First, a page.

GAINESVILLE, Fla. --- Age may work in reverse when it comes to raising grandchildren, suggests a University of Florida study that finds younger grandmothers in this role are depressed more often than their older counterparts.
"Unlike older grandparents who are frequently retired, middle-aged grandparents face problems trying to balance their newfound parenting roles with other responsibilities, including the demands of careers and personal interests," said Terry Mills, a UF sociologist who did the study, which appeared in the April issue of the journal Marriage and Family Review.
Mills examined psychological distress in households where grandparents are raising grandchildren, with no biological parent present – so called "skipped-generation families." He used data from the 1999 National Survey of America's Families, a sample representing 430,018 grandmothers between the ages of 32 and 71, which was collected by the Washington, D.C.-based Urban Institute.
The older the grandmothers were, the study found, the less likely they were to experience symptoms of depression, the study found.
"Skipped-generation families," a term coined in 1997, are growing because of a variety of social problems, Mills said. These include an increase in drug abuse, teen pregnancy, divorce, AIDS and the number of parents being imprisoned, he said.
"Some historians might point out that in more traditional agrarian times it was not unusual to have multigenerational families, such as those seen on 'Little House on the Prairie,'" he said. "But 'skipped-generation households' are a 21st-century problem."
U.S. Census data show nearly 8 percent of all children under age 18 (5.5 million) currently live in homes with grandparents, Mills said. Of these, 1.3 million are grandparent-headed households, with roughly half the children in such families under age 6, he said.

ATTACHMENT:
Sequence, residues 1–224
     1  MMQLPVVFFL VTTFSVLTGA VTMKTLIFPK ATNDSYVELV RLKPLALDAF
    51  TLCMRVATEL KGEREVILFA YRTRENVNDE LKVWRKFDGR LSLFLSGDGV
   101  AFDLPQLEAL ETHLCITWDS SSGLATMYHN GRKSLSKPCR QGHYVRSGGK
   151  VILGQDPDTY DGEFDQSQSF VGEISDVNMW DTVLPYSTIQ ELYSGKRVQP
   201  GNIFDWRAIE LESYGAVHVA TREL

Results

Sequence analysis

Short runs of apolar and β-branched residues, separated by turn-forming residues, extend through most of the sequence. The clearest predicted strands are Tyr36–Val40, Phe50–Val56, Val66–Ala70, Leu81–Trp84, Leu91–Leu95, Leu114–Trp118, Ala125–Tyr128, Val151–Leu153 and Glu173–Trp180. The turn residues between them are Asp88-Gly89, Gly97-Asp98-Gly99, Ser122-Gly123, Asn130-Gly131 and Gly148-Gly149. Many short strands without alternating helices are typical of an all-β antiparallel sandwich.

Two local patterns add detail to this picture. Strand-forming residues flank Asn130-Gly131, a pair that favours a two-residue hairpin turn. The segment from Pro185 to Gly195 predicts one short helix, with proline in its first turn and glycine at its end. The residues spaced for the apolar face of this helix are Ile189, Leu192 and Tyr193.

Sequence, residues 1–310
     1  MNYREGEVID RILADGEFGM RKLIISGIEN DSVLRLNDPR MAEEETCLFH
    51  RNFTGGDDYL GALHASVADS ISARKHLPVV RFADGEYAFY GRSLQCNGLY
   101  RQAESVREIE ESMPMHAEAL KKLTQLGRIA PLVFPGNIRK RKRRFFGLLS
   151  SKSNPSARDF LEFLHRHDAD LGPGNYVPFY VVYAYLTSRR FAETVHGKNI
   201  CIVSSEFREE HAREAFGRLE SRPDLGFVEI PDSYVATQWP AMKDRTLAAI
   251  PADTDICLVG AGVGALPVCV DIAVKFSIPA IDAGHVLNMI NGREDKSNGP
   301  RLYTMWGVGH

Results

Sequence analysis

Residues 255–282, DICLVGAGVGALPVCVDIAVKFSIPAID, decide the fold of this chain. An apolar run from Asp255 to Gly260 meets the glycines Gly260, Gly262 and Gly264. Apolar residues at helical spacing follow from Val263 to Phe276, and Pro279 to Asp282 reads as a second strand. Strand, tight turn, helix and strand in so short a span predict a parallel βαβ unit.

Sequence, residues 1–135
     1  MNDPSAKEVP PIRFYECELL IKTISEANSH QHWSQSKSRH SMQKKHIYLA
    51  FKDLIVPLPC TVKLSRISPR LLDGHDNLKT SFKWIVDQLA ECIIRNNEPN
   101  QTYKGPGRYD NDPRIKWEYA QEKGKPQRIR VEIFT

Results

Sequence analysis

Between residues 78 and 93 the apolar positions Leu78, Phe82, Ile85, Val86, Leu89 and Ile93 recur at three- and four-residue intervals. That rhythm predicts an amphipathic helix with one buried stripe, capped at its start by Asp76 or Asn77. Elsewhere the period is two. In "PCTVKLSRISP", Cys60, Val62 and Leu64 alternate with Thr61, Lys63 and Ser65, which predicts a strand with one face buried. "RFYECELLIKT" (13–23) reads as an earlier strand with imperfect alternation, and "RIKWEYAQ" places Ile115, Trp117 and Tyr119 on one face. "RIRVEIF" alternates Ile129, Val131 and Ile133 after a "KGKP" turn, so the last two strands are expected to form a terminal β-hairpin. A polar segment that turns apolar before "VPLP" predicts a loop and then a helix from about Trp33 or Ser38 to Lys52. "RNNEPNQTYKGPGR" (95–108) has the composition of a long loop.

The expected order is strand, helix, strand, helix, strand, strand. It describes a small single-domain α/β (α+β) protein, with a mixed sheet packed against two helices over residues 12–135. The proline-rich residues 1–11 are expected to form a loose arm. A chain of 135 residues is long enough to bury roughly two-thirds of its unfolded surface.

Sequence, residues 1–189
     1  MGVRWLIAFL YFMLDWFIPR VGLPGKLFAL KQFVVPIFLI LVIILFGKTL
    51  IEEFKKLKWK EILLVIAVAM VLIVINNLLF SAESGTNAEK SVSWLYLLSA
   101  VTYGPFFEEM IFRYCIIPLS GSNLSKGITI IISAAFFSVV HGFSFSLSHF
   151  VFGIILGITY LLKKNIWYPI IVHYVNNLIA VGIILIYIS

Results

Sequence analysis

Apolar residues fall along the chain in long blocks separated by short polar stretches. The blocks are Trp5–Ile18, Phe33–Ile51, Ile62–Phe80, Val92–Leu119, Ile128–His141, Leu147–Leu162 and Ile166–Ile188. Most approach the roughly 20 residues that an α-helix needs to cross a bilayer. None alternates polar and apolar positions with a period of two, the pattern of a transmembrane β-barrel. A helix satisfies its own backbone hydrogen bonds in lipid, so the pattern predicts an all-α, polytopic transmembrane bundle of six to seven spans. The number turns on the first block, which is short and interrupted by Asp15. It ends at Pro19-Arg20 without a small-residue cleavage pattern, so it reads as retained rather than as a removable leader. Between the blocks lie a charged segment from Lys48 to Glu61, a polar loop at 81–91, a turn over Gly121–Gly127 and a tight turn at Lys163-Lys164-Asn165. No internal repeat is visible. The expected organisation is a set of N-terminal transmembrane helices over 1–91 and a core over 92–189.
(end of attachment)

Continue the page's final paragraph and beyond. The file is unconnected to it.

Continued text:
In the United States, the largest percentage of children living in a grandparent-headed household are black, Mills said. Other research has found that black grandparents acting as parents are more likely than their white counterparts to be unemployed, live below the poverty line and have larger numbers of grandchildren to care for, he said.
"Such grandmothers are not all alike, and Dr. Mills' work shows that younger grandmothers raising grandchildren are more susceptible to depression," said Richard K. Caputo, professor of social policy and research at Yeshiva University's Wurzweiler School of Social Work.
In Mills' study, grandmothers were asked how much of the time during the past month they felt nervous, downhearted or calm and peaceful, as well as how frequently they were happy or could not be cheered up. Each item was measured on a scale that ranged from "all of the time" to "none of the time."
"One reason for a grandmother's emotional distress may be her sense of failure as a parent," Mills said. "She may feel, 'I'm having to do this because my own son or daughter could not care for their child.'"
Many re-enter the parenting role when their parenting skills are rusty, and some find it difficult to resolve the issues of whether they are a parent or a grandparent, he said.
The study found that besides being younger, grandmothers who experienced the most frequent feelings of psychological distress were those who were black and lived in the Midwest, had a family income below the poverty level, were on welfare, did not receive social service payments for child care and had a regular place for child care.
"It's not surprising that having a family income below the poverty level or not receiving welfare payments for child care were associated with more frequent feelings of emotional distress," Mills said. "One serious consequence of becoming a custodial grandparent is a change for the worse in the grandparent's financial status."
"A grandmother may want to work rather than receive welfare, but for those without a husband or partner who could help with child care, it might be difficult to manage," he said.
He suggests that federal policies limiting welfare benefits and providing little assistance to skipped-generation grandparents should be revised to contribute more support for the valuable role they play.
"I don't think society is aware of the public service these grandparents provide in struggling to keep families intact instead of just shipping the children off to foster care," he said. "Yet foster parents get a lot more money and support in terms of social assistance than these kinds of caregivers do."
Source: Eurekalert & othersLast reviewed: By John M. Grohol, Psy.D. on 21 Feb 2009
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